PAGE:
Stanley Kubrick´s 2001: A Space Odyssey is a finely crafted masterpiece of cinema. Released in 1968 it is a landmark in the science fiction genre packed full of mystery, spectacular imagery and special effects. The action moves at a deliberately slow pace, echoing the vast emptiness of space, and combined with the dramatic classical music, elevates the gravity of each scene to inspire awe overall.
The film is based on the 1948 short story The Sentinel, by science fiction author Arthur C. Clarke. Its screenplay was co-authored by director Stanley Kubrick and Clarke. It explores the idea of sentient life, both outside of man and man-made in the form of HAL the infamous onboard computer, while hinting at greater revelations.
The film is split into sections, opening on a prehistoric world we see early man and their struggle for survival. Later, gathered around a huge black monolith, one of them takes up a bone to use as a club and man is born. As our ancient ancestor throws the bone up into the air it turns and becomes a space ship, the extension and result of our mastery of tools. This is one of the most memorable and parodied of scenes from the world of cinema.
The appearance of the space ship triggers the second phase of the film, the moon landing. A group of humans discover the black monolith we saw earlier and watch as it fires something in the direction of Jupiter. The Discovery is sent on a mission to Jupiter to investigate, manned by Keir Dullea as Dave Bowman and Gary Lockwood as Frank Poole, a pair of astronauts. Their ship is run by an advanced artificially intelligent computer called Hal 9000 (brought to life by the voice of Douglas Rain).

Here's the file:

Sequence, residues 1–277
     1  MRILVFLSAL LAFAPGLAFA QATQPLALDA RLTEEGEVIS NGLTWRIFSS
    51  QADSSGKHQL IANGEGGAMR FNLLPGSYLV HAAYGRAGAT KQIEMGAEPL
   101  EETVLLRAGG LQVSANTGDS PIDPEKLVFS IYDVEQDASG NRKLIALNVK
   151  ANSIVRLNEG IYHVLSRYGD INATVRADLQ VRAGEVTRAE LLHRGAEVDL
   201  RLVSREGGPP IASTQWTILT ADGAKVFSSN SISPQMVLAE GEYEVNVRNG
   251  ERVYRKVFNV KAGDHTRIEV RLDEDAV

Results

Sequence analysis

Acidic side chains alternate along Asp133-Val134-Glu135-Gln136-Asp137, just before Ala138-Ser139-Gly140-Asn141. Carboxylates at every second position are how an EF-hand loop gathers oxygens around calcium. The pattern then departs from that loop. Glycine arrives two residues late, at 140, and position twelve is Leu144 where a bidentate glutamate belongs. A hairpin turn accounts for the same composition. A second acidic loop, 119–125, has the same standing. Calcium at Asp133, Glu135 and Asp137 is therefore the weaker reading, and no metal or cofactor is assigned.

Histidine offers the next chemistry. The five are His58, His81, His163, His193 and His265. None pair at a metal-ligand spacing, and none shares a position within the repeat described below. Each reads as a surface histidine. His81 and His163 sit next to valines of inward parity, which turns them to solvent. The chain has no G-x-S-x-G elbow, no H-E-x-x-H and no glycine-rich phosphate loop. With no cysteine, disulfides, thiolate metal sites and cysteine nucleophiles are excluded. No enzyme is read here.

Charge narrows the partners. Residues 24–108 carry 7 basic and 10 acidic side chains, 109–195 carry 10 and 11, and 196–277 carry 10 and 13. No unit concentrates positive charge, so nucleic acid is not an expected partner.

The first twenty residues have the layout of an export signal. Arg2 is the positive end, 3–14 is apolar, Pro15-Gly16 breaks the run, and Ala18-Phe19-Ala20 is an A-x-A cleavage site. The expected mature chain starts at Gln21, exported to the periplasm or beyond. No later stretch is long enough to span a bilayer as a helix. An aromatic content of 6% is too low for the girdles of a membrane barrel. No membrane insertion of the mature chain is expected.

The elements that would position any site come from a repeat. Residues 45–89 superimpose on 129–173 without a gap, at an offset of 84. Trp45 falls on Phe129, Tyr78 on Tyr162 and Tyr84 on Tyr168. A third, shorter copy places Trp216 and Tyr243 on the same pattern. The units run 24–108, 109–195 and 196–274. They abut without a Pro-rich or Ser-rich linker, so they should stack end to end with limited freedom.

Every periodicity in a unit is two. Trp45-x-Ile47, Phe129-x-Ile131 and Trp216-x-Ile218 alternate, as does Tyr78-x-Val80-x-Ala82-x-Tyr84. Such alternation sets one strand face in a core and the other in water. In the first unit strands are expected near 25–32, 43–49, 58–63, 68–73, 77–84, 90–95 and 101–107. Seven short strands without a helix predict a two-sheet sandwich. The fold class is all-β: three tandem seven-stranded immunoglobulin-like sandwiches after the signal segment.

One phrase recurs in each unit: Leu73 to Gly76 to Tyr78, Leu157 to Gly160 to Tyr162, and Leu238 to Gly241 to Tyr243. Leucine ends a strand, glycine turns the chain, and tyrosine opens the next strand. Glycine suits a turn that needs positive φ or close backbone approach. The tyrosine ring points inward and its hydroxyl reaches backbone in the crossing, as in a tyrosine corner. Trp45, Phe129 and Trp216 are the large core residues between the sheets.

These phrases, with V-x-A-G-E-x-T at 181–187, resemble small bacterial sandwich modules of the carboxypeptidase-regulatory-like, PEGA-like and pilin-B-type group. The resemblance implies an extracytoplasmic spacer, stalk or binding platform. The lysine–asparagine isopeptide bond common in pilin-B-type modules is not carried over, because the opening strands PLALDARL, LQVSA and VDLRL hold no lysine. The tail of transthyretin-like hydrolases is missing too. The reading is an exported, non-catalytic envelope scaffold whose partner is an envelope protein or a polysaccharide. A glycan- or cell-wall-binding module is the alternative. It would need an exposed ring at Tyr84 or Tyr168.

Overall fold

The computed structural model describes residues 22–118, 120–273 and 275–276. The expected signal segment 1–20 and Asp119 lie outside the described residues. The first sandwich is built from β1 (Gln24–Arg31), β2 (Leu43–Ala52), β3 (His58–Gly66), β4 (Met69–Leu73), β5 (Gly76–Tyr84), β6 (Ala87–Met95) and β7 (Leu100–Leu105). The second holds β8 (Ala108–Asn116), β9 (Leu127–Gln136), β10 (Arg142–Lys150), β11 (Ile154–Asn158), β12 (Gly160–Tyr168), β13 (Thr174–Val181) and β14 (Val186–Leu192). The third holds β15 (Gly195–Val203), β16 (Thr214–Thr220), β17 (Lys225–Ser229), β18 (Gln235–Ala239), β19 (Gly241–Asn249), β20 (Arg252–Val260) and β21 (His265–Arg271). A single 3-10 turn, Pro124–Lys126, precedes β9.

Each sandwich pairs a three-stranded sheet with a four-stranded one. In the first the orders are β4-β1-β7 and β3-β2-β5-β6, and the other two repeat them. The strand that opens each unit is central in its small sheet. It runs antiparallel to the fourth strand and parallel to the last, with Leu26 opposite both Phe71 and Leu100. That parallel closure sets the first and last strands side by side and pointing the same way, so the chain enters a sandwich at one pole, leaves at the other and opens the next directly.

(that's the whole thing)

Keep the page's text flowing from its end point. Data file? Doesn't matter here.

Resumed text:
This film is shot on an epic scale, the special effects still look good, there is a feeling of reality about the cumbersome tasks involved in space travel and the insignificance of man next to the vastness of space is clear. The action is slow and the tension builds beautifully as the two men aboard the Discovery begin to doubt the sanity of HAL.
The settings are minimalist and striking, the dialogue is quite rare but thoroughly absorbing and the overall scope of the film is so massive that it can be confusing. The shots are also quite minimalist, no heavy-handed cues, just beautifully constructed images. The dreamlike nature of many of the sequences is well realised and you'll naturally find yourself striving for some kind of coherence, which isn´t there.
Kubrick understands the way to avoid cheesiness in film and he appreciates the ability of the human imagination so this work can be interpreted in different ways and doesn´t offer any absolute answers or explanations. He doesn´t try to explain everything, instead hitting you with a barrage of striking imagery and a wealth of interesting philosophical questions - you must come to your own conclusions.
The most coherent and narrative part of the movie concerns Dave´s struggle to deal with the sentient, but possibly insane HAL. Their discussions are really well scripted and the glaring eye of HAL combined with the voice of Rain makes for chilling viewing at times. This exploration of AI back in 1968 is far superior to Spielberg's recent effort and we can only wonder at the film AI might have been if Kubrick had done it.
The slow pace and lack of an absolute explanation will put some people off this film but it is essential viewing. For complete enjoyment it requires some thought and imagination on the part of the viewer, it entertains and it challenges and that elevates it above most of the movies released. A ground-breaking film in the world of science fiction and a fantastic production by any standards.